Glycan Array 100 by RayBiotech Inc.

Manufacturer RayBiotech Inc.  |   Model: GA-Glycan-100  |  Available Worldwide
Detection of binding partners for 100 different glycans in purified proteins, serum, plasma, cell culture supernatants, cell/tissue lysates or other body fluids.


Glycan Array 100 by RayBiotech Inc. product image
Glycan Array 100
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Introduction

Glycocalyx, literally meaning "sugar coat", is an extracellular polymeric coating surrounding many prokaryotic and eukaryotic cells consisting of glycoproteins, glycolipids, proteoglycans and glycosaminoglycans. The constituents of the glycocalyx play an important role in the process of cell signaling, virus infections, and immunity. However, detection tools for the research of glycobiology are currently in very limited supply.

Raybiotech has pioneered the development of antibody arrays which are now widely applied in the research community with thousands of peer reviewed publications, including Cell and Nature. Taking advantage of advancements in microarray technology developed for antibody arrays, we have developed the first commercially available glycan array for screening protein-carbohydrate interactions. This array will help researchers:
 

  • Identify the glycans binding partners in biological samples
  • Identify whether target proteins are carbohydrate binding proteins
  • Probe binding of viruses and whole cells to glycans1-3
  • Profile the substrate specificity of enzymes (glycosyltransferases, glycosidases, etc.)4-6
  • Profile the inflammatory immune response


The 100 synthetic glycans featured in the Glycan Array 100 are the most frequently identified structures showing important binding function in the literature. For example, influenza virus binds to a variety of sialosides with a serotype-specific pattern.7-9 Galectins, which are involved in apoptosis, cell adhesion and T-cell activation suppression, function by binding beta-galactosides.10-12

Application Data

Kit Components
  • Dialysis Vials
  • Labeling Reagent
  • Stop Solution
  • Glycan Array Glass Slide Assembly
  • Sample Diluent
  • 20X Wash Buffer I
  • 20X Wash Buffer II
  • Cy3 equivalent dye-conjugated Streptavidin
  • Slide Washer/Dryer
  • Adhesive device sealer
  • Labeling Buffer
  • Floating Dialysis Rack
Other Materials Required
  • Detection antibodies of interest (For sandwich-based method only)
  • Pipettors, pipet tips and other common lab consumables
  • Orbital shaker or oscillating rocker
  • Aluminum foil
  • Distilled or de-ionized water
  • 1.5ml Polypropylene microcentrifuge tubes
  • Gene microarray scanner or similar laser fluorescence scanner
  • Small plastic or glass containers
  • KCl, NaCl, KH2PO4 and Na2HPO4 (For label-based method only)
  • Beaker, stir plate and stir bar
Protocol Outline
  1. Dry the glass slide
  2. Block array surfaces
  3. Incubate samples (samples need to be biotinylated for the label-based approach)
  4. For the the sandwich-based principle, incubate with a detection antibody cocktail
    For the label-based principle, incubate the labeled-streptavidin.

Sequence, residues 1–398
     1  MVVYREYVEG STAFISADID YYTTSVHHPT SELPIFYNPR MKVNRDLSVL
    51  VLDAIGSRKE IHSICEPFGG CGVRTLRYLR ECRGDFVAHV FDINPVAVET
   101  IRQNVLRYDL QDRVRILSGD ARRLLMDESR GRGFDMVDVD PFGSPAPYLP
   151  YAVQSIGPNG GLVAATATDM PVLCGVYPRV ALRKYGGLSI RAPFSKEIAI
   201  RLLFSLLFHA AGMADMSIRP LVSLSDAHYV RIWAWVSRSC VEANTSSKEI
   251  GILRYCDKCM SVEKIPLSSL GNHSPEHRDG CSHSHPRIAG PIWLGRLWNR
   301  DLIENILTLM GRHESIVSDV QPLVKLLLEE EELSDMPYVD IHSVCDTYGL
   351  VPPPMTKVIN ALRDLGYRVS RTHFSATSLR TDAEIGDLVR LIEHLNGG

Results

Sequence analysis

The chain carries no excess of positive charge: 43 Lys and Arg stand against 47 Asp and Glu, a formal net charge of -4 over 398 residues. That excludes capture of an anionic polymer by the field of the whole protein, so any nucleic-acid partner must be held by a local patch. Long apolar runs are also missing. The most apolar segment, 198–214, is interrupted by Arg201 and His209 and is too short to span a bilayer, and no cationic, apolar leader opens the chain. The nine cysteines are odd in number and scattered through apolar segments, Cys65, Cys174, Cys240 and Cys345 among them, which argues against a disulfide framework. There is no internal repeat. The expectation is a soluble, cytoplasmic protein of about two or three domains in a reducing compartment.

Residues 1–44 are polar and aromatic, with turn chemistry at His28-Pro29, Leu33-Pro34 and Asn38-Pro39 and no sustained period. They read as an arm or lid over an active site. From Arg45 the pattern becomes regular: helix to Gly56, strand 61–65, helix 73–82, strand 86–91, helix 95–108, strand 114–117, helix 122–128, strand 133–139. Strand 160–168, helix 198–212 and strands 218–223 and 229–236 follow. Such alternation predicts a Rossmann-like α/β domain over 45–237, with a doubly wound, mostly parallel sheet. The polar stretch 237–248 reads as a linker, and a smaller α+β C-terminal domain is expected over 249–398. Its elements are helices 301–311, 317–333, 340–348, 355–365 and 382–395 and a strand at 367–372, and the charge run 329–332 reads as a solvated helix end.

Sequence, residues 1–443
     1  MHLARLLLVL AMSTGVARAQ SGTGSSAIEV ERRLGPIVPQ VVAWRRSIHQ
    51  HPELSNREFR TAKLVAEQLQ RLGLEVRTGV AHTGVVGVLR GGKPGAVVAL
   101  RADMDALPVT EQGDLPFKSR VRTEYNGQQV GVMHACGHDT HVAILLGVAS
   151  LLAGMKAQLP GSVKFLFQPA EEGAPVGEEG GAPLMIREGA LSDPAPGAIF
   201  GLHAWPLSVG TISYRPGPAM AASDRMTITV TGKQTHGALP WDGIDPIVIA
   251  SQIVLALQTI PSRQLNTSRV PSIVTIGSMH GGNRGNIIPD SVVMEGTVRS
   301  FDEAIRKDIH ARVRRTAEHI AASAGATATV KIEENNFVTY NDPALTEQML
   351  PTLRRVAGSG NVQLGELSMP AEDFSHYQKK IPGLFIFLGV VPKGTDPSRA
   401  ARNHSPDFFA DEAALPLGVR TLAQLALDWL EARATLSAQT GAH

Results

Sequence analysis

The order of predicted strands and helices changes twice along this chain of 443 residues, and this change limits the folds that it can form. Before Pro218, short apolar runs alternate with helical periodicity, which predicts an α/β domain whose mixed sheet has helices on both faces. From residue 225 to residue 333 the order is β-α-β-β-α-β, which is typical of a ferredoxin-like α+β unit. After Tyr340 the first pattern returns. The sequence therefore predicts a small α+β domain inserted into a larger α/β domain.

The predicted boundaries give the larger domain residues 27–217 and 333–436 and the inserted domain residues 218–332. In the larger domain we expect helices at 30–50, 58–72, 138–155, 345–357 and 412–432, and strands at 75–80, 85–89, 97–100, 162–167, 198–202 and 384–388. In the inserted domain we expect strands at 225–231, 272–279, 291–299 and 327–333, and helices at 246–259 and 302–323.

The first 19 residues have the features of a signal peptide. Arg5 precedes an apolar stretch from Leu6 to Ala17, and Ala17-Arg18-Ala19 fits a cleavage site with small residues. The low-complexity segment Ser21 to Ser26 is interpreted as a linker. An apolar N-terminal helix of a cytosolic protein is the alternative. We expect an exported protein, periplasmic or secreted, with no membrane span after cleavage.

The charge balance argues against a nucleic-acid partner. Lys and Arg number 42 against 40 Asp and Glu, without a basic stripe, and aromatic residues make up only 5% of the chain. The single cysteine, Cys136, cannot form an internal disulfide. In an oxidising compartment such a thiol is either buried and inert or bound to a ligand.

5. Incubate with Cy3 Equivalent Dye-Streptavidin
  6. Disassemble the glass slide
  7. Scan with a gene microarray laser scanner
  8. Perform densitometry and analysis

Storage/Stability

Upon receipt, all components of the RayBiotech Glycan Array 100 kit should be stored at -20°C. After initial use, remaining reagents should be stored at 4°C to avoid repeated freeze-thaw cycles and may be stored for up to 3 months (Labeling Reagent, Item B, should be prepared fresh each time before use). Unused glass slides should be kept at -20°C and repeated freeze-thaw cycles should be avoided (slides may be stored for up to 6 months). The entire kit should be used within 6 months of purchase.

References

  1. Amonsen, M.; Smith, D. F.; Cummings, R. D.; Air, G. M. J Virol 2007, 81, 8341-8345.
  2. Paulson, J. C.; de Vries, R. P. Virus Res 2013, 178, 99-113.
  3. Stencel-Baerenwald, J. E.; Reiss, K.; Reiter, D. M.; Stehle, T.; Dermody, T. S. Nat Rev Microbiol 2014, 12, 739-749.
  4. Park, S.; Shin, I. Org Lett 2007, 9, 1675-1678.
  5. Pourceau, G.; Chevolot, Y.; Goudot, A.; Giroux, F.; Meyer, A.; Moules, V.; Lina, B.; Cecioni, S.; Vidal, S.; Yu, H.; Chen, X.; Ferraris, O.; Praly, J. P.; Souteyrand, E.; Vasseur, J. J.; Morvan, F. Chembiochem 2011, 12, 2071-2080.
  6. Laurent, N.; Voglmeir, J.; Flitsch, S. L. Chem Commun 2008, 4400-4412.
  7. Xu, R.; de Vries, R. P.; Zhu, X.; Nycholat, C. M.; McBride, R.; Yu, W.; Paulson, J. C.; Wilson, I. A. Science 2013, 342, 1230-1235.
  8. Xu, R.; McBride, R.; Nycholat, C. M.; Paulson, J. C.; Wilson, I. A. J Virol 2012, 86, 982-990.
  9. Stevens, J.; Chen, L. M.; Carney, P. J.; Garten, R.; Foust, A.; Le, J.; Pokorny, B. A.; Manojkumar, R.; Silverman, J.; Devis, R.; Rhea, K.; Xu, X.; Bucher, D. J.; Paulson, J. C.; Cox, N. J.; Klimov, A.; Donis, R. O. J Virol 2010, 84, 8287-8299.
  10. Stowell, S. R.; Arthur, C. M.; Mehta, P.; Slanina, K. A.; Blixt, O.; Leffler, H.; Smith, D. F.; Cummings, R. D. J Biol Chem 2008, 283, 10109-10123.
  11. Stowell, S. R.; Arthur, C. M.; Slanina, K. A.; Horton, J. R.; Smith, D. F.; Cummings, R. D. J Biol Chem 2008, 283, 20547-20559.
  12. Carlsson, S.; Oberg, C. T.; Carlsson, M. C.; Sundin, A.; Nilsson, U. J.; Smith, D.; Cummings, R. D.; Almkvist, J.; Karlsson, A.; Leffler, H. Glycobiology 2007, 17, 663-676.

Product Overview

Glycan Array 100 by RayBiotech Inc. product image

Glycan Array 100

Manufacturer RayBiotech Inc.  |  Available Worldwide

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